Oxidative Medicine and Cellular Longevity

Oxidative Medicine and Cellular Longevity / 2010 / Article

Open Access

Volume 3 |Article ID 870507 | 5 pages | https://doi.org/10.4161/oxim.3.3.12070

Oxidative Stress in Fetal Distress: Potential Prospects for Diagnosis

Received01 Apr 2010
Revised13 Apr 2010
Accepted14 Apr 2010


Our aim was to investigate the relation between fetal distress and oxidative stress. Fetal distress was associated with increased concentration of superoxide in the fetal blood and with significant increase of the level of H2O2 in both maternal and fetal blood. The activity of superoxide dismutase was increased roughly sixfold (p < 0.01) in the maternal [7330 ± 2240 U/g of hemoglobin in controls (C) and 36811 ± 16862 U/g in fetal distress (FD)] and fetal blood (C: 5930 ± 2641 U/g; FD: 41912 ± 17133 U/g). In contrast, fetal distress was related to a considerable decrease of catalase activity in both maternal (C: 26011 ± 8811 U/g; FD: 7212 ± 1270 U/g) and fetal blood (C: 37194 ± 9191 U/g; FD: 6173 ± 1965 U/g). From this we concluded that in fetal distress, the maternal and fetal bloods are exposed to superoxide- and H2O2-mediated oxidative stress, which could be initiated by hypoxic conditions in the fetal blood and placenta. A tremendous increase/decrease of the activities of superoxide dismutase/catalase in the blood of women bearing a distressed fetus in comparison to healthy subjects implies that the assessment of superoxide dismutase/catalase activity could be of use for establishing a timely and accurate ante- or intrapartum diagnosis of fetal distress.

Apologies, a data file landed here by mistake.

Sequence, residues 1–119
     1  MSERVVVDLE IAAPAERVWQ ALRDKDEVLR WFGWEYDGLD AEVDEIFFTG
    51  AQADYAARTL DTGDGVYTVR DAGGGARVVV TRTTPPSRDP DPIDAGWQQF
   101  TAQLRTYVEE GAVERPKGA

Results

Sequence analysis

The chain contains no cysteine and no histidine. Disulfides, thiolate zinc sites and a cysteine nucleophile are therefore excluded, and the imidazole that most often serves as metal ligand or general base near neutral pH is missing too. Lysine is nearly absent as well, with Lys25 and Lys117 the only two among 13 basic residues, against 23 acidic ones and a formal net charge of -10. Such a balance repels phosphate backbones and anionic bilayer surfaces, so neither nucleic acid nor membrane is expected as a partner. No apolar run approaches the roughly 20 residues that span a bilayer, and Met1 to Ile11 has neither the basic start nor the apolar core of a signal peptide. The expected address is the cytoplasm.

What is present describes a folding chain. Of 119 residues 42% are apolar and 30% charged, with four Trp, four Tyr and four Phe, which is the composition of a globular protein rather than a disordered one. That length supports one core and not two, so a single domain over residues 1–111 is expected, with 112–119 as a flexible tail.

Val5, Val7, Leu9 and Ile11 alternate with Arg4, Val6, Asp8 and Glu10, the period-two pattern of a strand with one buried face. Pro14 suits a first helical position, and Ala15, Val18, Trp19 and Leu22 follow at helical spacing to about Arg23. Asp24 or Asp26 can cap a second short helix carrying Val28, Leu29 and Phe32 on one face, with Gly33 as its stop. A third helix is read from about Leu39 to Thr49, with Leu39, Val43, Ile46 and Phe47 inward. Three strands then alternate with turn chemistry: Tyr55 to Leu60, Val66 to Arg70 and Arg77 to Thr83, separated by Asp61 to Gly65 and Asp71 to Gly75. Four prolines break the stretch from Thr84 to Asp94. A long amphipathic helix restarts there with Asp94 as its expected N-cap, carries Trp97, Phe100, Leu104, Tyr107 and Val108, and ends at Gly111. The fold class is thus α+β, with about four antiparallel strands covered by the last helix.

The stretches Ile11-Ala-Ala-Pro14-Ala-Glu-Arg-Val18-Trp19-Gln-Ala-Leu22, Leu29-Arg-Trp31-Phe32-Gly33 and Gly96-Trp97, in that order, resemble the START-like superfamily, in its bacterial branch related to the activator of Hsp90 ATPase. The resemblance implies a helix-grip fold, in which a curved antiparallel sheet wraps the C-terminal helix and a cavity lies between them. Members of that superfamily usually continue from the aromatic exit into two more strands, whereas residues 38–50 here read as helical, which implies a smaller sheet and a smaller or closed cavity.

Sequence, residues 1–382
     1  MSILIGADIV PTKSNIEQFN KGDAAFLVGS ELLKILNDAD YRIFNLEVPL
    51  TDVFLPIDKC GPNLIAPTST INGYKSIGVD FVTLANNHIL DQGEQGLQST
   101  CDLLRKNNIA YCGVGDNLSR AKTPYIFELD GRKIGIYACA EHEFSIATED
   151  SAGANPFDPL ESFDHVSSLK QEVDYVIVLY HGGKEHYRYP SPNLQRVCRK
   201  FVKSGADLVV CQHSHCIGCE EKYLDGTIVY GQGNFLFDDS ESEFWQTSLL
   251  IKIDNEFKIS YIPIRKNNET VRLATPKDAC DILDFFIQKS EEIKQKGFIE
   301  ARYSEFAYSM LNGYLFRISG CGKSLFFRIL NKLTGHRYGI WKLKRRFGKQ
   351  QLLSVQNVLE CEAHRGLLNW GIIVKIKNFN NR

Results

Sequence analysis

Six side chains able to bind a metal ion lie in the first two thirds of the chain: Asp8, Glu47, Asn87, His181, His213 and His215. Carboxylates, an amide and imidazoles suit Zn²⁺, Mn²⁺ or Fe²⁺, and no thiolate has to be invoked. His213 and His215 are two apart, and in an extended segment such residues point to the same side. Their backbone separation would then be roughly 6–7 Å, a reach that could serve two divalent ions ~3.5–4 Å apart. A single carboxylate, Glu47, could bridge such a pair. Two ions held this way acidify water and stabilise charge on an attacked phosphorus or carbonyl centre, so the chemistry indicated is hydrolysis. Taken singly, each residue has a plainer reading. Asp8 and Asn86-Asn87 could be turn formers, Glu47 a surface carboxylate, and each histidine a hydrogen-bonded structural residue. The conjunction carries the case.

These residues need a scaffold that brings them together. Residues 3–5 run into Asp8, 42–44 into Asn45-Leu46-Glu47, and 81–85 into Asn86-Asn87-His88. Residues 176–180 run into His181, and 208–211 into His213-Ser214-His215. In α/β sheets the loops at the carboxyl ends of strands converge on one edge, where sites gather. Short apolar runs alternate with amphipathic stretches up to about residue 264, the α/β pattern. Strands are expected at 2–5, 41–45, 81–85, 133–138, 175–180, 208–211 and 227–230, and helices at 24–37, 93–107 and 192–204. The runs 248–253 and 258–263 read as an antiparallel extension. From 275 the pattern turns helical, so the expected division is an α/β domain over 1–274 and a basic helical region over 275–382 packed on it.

Copyright © 2010 Hindawi Publishing Corporation. This is an open access article distributed under the Creative Commons Attribution License, which permits unrestricted use, distribution, and reproduction in any medium, provided the original work is properly cited.

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